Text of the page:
Posted: Monday July 24, 2006 12:45PM; Updated: Monday July 24, 2006 4:02PM
The two things that make this game essential to a college football fan are the Dynasty and Campus Legend modes. Dynasty Mode is the closest you'll ever come to being a college head coach. You begin as the coach at your school of choice and then take responsibility for everything from recruiting to playcalling. Campus Legend allows you to begin as a player who just finished high school. You visit a combine to show off for the coaches, and then, based on your results in certain skill tests (40-yard dash, pass-catching) get scholarship offers at a variety of colleges. Once you enroll, you pick a major and juggle practicing with studying and attending campus social events (frat parties) in order to build your legend. Since Reggie Bush is on the cover of the game, I assume that by the time you're a senior, if you're a Heisman contender you get upgraded from the simple dorm room that freshmen are in to something more exotic.
I am probably one of the few people who actually take the time to do the tutorial sections on video games, and NCAA Football 07 was no exception. (I figure I'd rather spend five minutes watching a video than reading a manual.) Even if you're generally averse to the tutorials, I highly recommend NCAA Football 07's, if only because it's the first time I've ever heard Lee Corso sound so sharp. As the video wound down, I was ready to suit up and play for him. (Meanwhile, Brad Nessler needs to slip someone at EA a 20 and ask him or her to take a little more time working on his virtual visage. His face in the game resembles an Easter Island monolith after a night of club-hopping.)
The most jaw-dropping moment for me had nothing to do with the graphics. I was backed up near my own goal line and had called conservative run plays on first and second downs, setting up a manageable third and one. I came out in a stacked I formation and blasted my fullback straight ahead; he sprawled across the line for a first down. As my players stood and dusted themselves off, analyst Kirk Herbstreit astutely pointed out that the defense should have stacked the line, because it was obvious from my formation that all I was trying to do on the play was get just enough yardage for a first down.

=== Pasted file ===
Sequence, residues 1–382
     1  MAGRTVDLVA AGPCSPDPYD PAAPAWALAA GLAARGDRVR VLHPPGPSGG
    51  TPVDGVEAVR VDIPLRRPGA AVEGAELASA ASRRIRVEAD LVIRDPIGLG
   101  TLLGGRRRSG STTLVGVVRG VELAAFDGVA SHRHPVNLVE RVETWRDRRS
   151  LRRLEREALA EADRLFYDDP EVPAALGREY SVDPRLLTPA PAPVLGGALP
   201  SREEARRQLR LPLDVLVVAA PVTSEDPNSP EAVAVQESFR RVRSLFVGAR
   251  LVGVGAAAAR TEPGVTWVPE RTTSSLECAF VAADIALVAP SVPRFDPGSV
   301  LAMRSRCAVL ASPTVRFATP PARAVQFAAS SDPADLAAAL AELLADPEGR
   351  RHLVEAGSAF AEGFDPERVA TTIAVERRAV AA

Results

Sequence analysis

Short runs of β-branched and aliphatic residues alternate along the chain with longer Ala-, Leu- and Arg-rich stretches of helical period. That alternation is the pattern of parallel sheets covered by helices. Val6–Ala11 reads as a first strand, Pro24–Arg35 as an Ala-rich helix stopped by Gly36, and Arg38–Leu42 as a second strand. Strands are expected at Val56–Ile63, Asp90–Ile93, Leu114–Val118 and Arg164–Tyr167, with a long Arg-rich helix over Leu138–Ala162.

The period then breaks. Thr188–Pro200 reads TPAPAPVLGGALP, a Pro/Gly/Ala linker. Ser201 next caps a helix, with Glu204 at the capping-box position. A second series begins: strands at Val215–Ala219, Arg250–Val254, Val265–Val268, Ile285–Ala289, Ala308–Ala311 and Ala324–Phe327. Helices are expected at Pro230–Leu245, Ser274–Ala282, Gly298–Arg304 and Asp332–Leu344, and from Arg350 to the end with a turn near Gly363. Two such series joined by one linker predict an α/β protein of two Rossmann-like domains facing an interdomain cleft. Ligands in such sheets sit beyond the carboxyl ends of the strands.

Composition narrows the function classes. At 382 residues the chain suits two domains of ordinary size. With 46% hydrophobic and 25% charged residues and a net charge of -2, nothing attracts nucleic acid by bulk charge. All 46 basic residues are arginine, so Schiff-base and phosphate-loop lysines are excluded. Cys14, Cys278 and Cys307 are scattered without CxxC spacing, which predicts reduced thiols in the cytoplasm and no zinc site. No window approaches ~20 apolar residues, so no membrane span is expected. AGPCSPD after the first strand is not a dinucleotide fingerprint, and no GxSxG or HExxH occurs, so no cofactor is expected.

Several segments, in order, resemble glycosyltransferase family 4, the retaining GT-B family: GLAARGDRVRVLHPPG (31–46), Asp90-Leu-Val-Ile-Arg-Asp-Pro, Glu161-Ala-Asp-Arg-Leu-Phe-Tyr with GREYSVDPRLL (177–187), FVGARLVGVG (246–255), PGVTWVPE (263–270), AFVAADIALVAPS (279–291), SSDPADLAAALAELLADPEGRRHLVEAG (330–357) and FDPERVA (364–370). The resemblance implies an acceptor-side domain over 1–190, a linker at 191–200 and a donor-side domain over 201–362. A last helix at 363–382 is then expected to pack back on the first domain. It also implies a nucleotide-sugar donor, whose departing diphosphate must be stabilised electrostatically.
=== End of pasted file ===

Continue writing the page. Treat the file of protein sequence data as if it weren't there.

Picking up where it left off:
I felt like I was in a Phillip K. Dick novel. Well, yes, Kirk, of course that's what I was doing. But it's the first time I can remember the computer reading my mind. Or maybe I've just played the game so much that I now think like the computer and know what will and will not work against it.
The game nails the general feeling of college football, putting a lot of stock in momentum and crowd noise and bands blaring away at your fight song. When I was in school at the University of Georgia, the Big Man on Campus was Garrison Hearst. These days, in my virtual world, it's a brilliant freshman running back named Lang Whitaker. Sure, he's only a freshman, but man, does the kid have potential.
Ratings System (1 to 10)
Game Play: 9.0
Intuitive and fast, NCAA 07 is the best college football game ever. Still, some of the replays can be a little sloppy, and the learning curve while playing defense can be frustrating.
Gets the job done. It looks a lot like a blockier Madden, but it works just fine. Still waiting for more complete facial personalization, so I can create a character as exacting as Johnny Drama did while playing the Godfather game on Entourage.
Once you understand the basics of the game, your options are pretty much unlimited. Want to begin at a powerhouse and try to maintain that high level? Want to build your own dynasty? It's all in the game.